99. Huldah Sweetser Whitney, d., born 7 September 1835. On 13 April 1853 in Phillips, she married Benjamin Whitney, son of Christopher Atwood Whitney and Adeline Howard. Benjamin was born in Phillips on 2 April 1828. They may have moved west with Benjamin’s family.

65. Mary Whitney, d., born 30 April 1797, married 10 March 1817 in Otisfield, Cumberland Co., Maine, Reuben Smith. Reuben was the son of Jonathan Smith and Sarah Scribner, born 10 August 1797 in Otisfield. Reuben and Mary lived in Otisfield until at least 1828, when their third child was born. It appears that they then moved to Berlin, where they are recorded in the censuses of 1830 and 1840. Berlin was absorbed into Phillips in 1842. They had five children, the first three born in Otisfield, and the last two in Berlin. The children were:

100. Ruth C. Smith, d., born 12 September 1817.

101. Happy F. Smith., d. born 18 September 1822.

102. Charlotte W. Smith, d., born 26 April 1828.

103. Reuben Smith, Jr., s., born 29 March 1833.

104. Juliann W. Smith, d., born 9 March 1835.

66. Joanna “Annie” Whitney, d., born 6 December 1799. On 8 October 1818 in Phillips, Somerset Co., Maine she married Caleb Barker Sylvester. Caleb was born 9 August 1793 in Bath Sagadahoc Co., Maine, the son of Charles Sylvester and Lucy Barker. They lived in Maine until at least 1840, when they are found in the census in Carthage, Somerset Co., with nine children. By 1850 they are found in the census for Mifflin, Iowa Co., Wisconsin. Joanna died in Mifflin on 17 April 1862, and Caleb died there 16 February 1868. Their children were:

105. Eliza Sylvester, d., born 25 March 1819 in Phillips, died there 11 May 1819.

106. Ebenezer Whitney Sylvester, s., born 25 August 1820 in Phillips. Married on 23 April 1856 Nancy Howard, born 6 September 1837 in Bruceville, Knox Co., Indiana, the daughter of William Howard and Nancy Young. Ebenezer died in 1906, and Nancy died 21 April 1913.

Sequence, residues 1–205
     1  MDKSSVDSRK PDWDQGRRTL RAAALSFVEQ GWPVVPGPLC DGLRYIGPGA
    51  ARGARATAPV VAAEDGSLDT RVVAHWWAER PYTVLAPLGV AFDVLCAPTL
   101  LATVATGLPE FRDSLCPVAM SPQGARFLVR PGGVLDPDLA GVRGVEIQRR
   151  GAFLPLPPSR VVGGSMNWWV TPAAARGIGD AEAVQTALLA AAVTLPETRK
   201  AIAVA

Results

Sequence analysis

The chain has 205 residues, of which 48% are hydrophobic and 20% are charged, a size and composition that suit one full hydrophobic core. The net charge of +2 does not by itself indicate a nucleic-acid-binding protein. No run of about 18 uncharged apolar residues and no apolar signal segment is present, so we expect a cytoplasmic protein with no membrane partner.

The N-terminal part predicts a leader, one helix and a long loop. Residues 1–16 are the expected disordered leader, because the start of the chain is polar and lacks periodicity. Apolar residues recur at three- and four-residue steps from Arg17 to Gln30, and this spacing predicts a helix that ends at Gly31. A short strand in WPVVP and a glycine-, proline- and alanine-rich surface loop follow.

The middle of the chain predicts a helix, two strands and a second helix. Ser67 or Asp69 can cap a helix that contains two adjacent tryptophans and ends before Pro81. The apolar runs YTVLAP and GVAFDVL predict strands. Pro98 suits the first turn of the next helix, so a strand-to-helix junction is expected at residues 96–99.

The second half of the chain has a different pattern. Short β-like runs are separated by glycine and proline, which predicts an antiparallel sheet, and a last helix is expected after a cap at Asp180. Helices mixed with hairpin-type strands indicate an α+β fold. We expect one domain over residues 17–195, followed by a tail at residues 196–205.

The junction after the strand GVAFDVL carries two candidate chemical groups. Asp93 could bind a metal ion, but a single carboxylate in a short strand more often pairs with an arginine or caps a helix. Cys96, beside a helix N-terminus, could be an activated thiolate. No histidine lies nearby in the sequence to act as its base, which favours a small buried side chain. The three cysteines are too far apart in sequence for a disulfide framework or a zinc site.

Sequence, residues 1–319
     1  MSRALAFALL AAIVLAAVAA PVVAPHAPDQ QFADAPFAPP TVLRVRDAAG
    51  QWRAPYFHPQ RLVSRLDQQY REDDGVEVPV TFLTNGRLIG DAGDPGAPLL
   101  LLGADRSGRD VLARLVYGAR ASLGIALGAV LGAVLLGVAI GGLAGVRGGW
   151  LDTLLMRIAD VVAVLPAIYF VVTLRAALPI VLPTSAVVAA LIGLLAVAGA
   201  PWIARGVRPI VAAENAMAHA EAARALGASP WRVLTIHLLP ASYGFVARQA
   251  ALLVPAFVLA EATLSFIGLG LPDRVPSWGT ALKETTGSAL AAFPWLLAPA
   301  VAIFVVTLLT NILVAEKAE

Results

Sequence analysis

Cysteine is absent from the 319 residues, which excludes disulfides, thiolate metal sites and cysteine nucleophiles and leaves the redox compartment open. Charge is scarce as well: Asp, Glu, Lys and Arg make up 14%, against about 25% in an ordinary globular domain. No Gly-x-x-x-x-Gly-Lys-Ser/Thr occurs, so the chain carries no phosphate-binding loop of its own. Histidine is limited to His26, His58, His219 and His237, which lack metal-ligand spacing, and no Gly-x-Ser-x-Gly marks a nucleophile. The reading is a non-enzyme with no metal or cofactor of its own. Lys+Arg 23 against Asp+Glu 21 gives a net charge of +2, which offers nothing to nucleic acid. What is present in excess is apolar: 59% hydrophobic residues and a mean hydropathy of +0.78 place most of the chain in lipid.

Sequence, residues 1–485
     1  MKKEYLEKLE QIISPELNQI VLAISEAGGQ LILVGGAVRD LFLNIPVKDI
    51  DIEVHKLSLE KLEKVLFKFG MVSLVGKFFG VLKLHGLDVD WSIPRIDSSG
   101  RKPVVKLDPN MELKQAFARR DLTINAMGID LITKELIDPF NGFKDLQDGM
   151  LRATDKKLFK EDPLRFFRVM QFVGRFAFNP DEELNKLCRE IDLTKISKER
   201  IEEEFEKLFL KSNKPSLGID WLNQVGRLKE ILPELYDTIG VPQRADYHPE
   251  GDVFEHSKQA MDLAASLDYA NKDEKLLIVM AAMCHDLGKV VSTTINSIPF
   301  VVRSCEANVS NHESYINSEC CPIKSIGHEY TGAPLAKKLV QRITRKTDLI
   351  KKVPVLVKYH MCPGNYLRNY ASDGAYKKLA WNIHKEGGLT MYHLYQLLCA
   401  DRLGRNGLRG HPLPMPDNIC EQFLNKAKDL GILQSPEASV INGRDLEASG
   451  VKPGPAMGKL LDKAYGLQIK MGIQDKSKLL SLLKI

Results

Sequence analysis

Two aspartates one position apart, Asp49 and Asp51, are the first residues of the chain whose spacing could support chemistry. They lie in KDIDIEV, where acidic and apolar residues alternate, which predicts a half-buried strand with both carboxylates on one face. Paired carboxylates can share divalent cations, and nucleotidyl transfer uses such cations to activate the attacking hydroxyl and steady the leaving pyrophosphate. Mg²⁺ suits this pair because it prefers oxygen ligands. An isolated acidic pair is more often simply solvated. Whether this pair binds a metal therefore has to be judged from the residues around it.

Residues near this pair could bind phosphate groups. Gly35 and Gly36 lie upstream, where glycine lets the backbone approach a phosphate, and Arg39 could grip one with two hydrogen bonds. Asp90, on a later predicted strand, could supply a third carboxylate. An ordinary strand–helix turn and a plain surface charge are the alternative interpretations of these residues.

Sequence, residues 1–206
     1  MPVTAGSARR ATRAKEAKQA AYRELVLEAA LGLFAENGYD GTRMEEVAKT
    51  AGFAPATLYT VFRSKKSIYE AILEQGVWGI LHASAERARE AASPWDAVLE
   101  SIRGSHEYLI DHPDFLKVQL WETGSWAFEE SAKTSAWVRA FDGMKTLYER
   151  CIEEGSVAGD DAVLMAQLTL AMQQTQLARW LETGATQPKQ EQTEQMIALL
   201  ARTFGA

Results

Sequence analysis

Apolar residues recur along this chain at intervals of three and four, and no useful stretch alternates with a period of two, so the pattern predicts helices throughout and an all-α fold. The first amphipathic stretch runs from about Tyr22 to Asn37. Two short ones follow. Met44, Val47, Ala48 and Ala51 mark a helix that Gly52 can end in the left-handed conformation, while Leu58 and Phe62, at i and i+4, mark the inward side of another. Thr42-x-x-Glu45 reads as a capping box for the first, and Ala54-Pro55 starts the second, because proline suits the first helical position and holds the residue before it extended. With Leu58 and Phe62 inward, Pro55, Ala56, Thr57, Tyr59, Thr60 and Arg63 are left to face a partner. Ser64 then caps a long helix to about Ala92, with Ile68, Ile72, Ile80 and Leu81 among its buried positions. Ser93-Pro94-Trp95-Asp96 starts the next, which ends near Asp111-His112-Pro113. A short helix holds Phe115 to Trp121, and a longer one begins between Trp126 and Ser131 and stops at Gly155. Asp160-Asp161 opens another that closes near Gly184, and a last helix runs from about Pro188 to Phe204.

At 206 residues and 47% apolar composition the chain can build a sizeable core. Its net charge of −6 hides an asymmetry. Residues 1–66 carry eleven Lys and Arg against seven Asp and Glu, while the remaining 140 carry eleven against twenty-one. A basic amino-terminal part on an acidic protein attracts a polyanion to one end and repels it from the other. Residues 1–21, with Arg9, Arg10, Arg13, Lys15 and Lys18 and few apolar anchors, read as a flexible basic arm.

107. Eliza Anne Sylvester, d., born 23 May 1822 in Phillips. She married 12 April 1842 Lorenzo Stephens. He was born 12 April 1814 in Winthrop, Kennebec Co., Maine. He died 8 January 1888 in Montfort, Grant Co., Wisconsin. Eliza died in Minno, Hutchinson Co., Wisconsin on 15 January 1902.

108. Lydia Whitney Sylvester, d., born 25 February 1824, married Loren Ballou.

109. Sylvanus Sylvester, s., born 18 December 1825.

110. George William Sylvester, s., born 6 April 1829.

111. Charles Carroll Sylvester, s., born 11 April 1830 in Phillips. He married Charlotte Clare Burns 22 January 1860 in Trempealeau, Trempealeau Co., Wisconsin. He died 9 September 1908 in Mandelia, Watonwan Co., Minnesota.

112. Caleb Sylvester, Jr., s., born 18 May 1832, married 9 December 1869 to Elizabeth Chenoweth. Caleb died 9 March 1899, and Elizabeth 5 August 1910.

113. Franklin Sylvester, s., born 1834.

114. Attila Sylvester, s., born 1836.

115. Abigail Frances Sylvester, d., born 29 April 1839, married in 1857 John Yetter. He was born 24 October 1836 in Pennsylvania, and died 4 May 1883 in Rochester, Olmstead Co., Minnesota. Abigail died 2 March 1895 in Monte Vista, Rio Grande Co., Colorado.

116. John Fairfield Sylvester, s., born in 1841; married in 1863 Emma Osborn.

117. L. Emma Sylvester, d., born in 1843; married in 1868 Orson Clark.

67. Happy Whitney, d., born 1 November 1801. She may have been born in Gray, Cumberland Co., as her father Micah was “of Gray” when he bought land from Jeremiah Williams in Gorham in 1802. On 18 May 1821 in Phillips, she married Samuel Wilson Fennix. The modern spelling of the name is Phoenix. Samuel was born 7 January 1799 in Sanford, York Co., Maine, the son of George and Elizabeth Fennix. The family moved to Madrid, Franklin Co., Maine in March of 1837, and to Plymouth, Penobscot Co., Maine in March of 1848. By 1870 they had moved to Westbrook, Cumberland Co., Maine, where in the 1870 census, Samuel is listed as a lumberman, and Happy is keeping house. They had four children:

118. Mary Ann Fennix, d., born 13 August 1822.

119. Hanna Eliza Fennix, d. born 11 June 1826.

120. Sarah Jane Fennix, d., born 16 July 1830, died 2 October 1831.

121. Emma Fennix, d., born 22 January 1835, died two days later.

68. Nehum Whitney, s., born 11 October 1803, possibly in Gray, for the same reason as his sister Happy. In 1840 he is found living in Berlin Township, Franklin Co., Maine. George Burbank Sedgeley tell us that Nehum never married, and travelled to see a brother living in the west. Nothing more is known.